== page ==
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An Analysis of the Poem "The Layers" by Stanley Kunitz

Andrew has a keen interest in all aspects of poetry and writes extensively on the subject. His poems are published online and in print.

Stanley Kunitz And A Summary of The Layers

"The Layers" is a single-stanza, free-verse poem of 44 lines that focuses on change, loss and human will. It contains strong imagery and metaphor and has a contemplative tone.

In some respects, it is a religious poem—the language has biblical echoes in certain lines as part of the speaker's search for personal identity through higher influences. For example:

  • "struggle not to stray"
  • "gather strength"
  • "scavenger angels"
  • "made myself a tribe"
  • "a nimbus-clouded voice/directed me"

The speaker is basically saying that, although he's strayed from the straight-and-narrow over time and gone through changes, he's still listening to that voice (whether outer or inner) which keeps him joyful, out of the garbage (litter), and ready for what lies ahead.

About the Poet

Massachusetts-born Stanley Kunitz (1905–2006) produced many poems over a long career, concentrating on identity, love, death, spirituality and being human. You'll find his work in many an anthology (including poems such as "Touch Me" and "The Round"), and he was the poet laureate of the United States from 2000 to 2001.

Much of his poetry is reflective and has a philosophical edge. He uses everyday language in a tender and conversational way, trying to fathom out just what it is about spirit and the flesh that keeps love for the world and positivity alive.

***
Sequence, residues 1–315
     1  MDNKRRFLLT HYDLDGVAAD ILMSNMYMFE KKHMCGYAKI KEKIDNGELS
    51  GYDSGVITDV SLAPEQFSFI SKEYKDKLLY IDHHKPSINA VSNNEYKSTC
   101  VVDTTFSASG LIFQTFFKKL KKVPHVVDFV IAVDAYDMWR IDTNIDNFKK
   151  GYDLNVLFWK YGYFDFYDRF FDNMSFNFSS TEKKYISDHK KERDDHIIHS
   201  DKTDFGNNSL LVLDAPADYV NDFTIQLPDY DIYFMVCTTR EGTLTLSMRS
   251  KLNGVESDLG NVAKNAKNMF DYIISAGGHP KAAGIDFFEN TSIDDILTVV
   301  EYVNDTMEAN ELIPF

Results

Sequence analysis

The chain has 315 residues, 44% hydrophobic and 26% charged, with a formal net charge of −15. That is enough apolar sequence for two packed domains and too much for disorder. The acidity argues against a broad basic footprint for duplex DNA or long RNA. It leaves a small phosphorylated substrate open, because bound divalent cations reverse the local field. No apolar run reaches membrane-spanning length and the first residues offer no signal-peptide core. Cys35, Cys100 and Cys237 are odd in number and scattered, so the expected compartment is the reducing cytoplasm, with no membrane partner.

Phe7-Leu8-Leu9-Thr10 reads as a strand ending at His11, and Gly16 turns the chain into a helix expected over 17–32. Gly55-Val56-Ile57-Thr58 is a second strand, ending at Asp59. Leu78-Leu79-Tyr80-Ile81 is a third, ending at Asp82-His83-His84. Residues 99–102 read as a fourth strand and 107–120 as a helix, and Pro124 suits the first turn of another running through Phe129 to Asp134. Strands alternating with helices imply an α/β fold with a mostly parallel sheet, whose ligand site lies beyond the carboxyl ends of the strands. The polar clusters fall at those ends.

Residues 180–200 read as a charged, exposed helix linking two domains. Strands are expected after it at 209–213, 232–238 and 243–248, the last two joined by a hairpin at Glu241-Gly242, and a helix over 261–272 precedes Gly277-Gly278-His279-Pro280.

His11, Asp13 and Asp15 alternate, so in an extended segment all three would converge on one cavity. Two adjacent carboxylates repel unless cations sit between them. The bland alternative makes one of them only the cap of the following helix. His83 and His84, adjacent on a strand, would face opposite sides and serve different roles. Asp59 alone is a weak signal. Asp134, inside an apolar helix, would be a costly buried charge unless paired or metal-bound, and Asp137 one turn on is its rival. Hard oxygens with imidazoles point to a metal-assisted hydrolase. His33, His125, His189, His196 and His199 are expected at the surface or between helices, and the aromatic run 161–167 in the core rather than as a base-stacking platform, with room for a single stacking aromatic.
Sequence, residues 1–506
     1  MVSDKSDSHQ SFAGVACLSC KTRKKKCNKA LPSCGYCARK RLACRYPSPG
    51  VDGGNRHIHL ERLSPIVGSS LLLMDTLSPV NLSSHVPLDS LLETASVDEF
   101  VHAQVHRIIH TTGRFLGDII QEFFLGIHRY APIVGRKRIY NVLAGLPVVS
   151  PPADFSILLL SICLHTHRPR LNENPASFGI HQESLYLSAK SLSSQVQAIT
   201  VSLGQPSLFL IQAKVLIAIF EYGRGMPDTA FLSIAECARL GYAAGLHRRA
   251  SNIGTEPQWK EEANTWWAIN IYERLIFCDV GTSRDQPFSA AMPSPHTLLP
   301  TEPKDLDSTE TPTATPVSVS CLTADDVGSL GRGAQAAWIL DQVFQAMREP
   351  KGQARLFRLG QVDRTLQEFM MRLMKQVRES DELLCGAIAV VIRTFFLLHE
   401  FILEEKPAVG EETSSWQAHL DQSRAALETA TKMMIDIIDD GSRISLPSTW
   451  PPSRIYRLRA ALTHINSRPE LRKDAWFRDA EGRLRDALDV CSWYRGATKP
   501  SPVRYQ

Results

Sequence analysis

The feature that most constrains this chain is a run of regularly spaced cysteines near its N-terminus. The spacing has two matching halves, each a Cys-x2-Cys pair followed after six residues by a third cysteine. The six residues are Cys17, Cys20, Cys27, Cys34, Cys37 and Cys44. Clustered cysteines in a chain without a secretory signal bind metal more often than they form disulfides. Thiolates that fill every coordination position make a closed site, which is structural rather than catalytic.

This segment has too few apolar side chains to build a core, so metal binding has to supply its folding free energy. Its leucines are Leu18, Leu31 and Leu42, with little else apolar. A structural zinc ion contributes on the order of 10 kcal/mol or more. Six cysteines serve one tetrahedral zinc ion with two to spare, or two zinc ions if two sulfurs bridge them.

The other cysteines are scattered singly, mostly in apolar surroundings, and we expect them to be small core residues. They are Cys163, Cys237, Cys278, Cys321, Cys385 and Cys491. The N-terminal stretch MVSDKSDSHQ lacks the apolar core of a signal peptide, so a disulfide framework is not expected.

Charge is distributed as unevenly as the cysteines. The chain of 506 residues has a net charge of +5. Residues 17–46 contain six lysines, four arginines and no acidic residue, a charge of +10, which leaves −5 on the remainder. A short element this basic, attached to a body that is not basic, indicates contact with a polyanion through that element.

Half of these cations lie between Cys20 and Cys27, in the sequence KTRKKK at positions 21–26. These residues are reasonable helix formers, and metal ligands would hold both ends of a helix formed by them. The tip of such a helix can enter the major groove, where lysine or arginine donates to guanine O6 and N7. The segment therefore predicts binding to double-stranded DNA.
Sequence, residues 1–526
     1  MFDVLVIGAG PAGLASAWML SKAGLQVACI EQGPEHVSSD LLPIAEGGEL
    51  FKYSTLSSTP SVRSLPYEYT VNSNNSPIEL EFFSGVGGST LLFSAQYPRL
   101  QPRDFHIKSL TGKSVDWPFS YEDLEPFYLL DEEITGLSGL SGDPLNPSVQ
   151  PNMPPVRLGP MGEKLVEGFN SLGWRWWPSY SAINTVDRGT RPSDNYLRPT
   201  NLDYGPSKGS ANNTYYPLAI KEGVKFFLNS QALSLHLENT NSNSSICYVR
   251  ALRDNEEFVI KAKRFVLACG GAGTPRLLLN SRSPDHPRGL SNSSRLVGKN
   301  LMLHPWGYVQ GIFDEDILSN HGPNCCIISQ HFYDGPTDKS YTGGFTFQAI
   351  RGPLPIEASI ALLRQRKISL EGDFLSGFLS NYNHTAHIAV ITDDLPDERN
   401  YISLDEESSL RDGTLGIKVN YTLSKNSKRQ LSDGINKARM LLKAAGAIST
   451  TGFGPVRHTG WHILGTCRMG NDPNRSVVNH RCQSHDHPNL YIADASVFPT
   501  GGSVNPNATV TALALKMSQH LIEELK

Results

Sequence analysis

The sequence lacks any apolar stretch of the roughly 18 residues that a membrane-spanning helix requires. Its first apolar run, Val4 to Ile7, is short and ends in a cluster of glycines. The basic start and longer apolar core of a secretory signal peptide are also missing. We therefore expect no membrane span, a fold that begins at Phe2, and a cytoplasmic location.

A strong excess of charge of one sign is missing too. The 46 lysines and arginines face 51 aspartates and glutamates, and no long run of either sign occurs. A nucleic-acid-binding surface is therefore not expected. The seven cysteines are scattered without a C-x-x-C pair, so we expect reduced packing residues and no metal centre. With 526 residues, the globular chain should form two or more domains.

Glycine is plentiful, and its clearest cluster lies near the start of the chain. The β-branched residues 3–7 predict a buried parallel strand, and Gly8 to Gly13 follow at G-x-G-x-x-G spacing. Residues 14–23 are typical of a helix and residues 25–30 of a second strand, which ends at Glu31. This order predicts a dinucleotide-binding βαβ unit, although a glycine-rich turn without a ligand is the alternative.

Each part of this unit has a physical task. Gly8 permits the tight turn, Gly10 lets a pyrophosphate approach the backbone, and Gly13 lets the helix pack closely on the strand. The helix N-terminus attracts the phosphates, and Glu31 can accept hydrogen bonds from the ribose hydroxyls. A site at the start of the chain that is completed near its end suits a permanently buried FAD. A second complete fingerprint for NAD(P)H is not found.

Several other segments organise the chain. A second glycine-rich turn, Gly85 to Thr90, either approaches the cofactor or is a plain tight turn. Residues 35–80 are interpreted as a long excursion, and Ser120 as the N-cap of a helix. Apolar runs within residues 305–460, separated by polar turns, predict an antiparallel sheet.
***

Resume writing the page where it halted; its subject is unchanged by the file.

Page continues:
Take these few lines from the poem "Testing Tree":

In a murderous time
the heart breaks and breaks
and lives by breaking.
It is necessary to go
through dark and deeper dark
and not to turn.

"The Layers" takes the reader into the mind of the speaker (the poet) as he looks back through life, sensitively summing up the changes, aware of loss and the need to persevere when times get dark.

These opening lines, Frost-like but confessional, set the reader up for the journey:

I have walked through many lives,
some of them my own,
and I am not who I was,

So here is a speaker who is well experienced and also self-aware, changes admitted. For someone who served in the army during world war II and led a long life as a teacher, creator and family man, this is to be expected.

"The Layers"

I have walked through many lives,
some of them my own,
and I am not who I was,
though some principle of being abides,
from which I struggle
not to stray.
When I look behind,
as I am compelled to look
before I can gather strength
to proceed on my journey,
I see the milestones dwindling
toward the horizon
and the slow fires trailing
from the abandoned camp-sites,
over which scavenger angels
wheel on heavy wings.
Oh, I have made myself a tribe
out of my true affections,
and my tribe is scattered!
How shall the heart be reconciled
to its feast of losses?
In a rising wind
the manic dust of my friends,
those who fell along the way,
bitterly stings my face.
Yet I turn, I turn,
exulting somewhat,
with my will intact to go
wherever I need to go,
and every stone on the road
precious to me.
In my darkest night,
when the moon was covered
and I roamed through wreckage,
a nimbus-clouded voice
directed me:
"Live in the layers,
not on the litter."
Though I lack the art
to decipher it,
no doubt the next chapter
in my book of transformations
is already written.
I am not done with my changes.

Line-by-Line Analysis of The Layers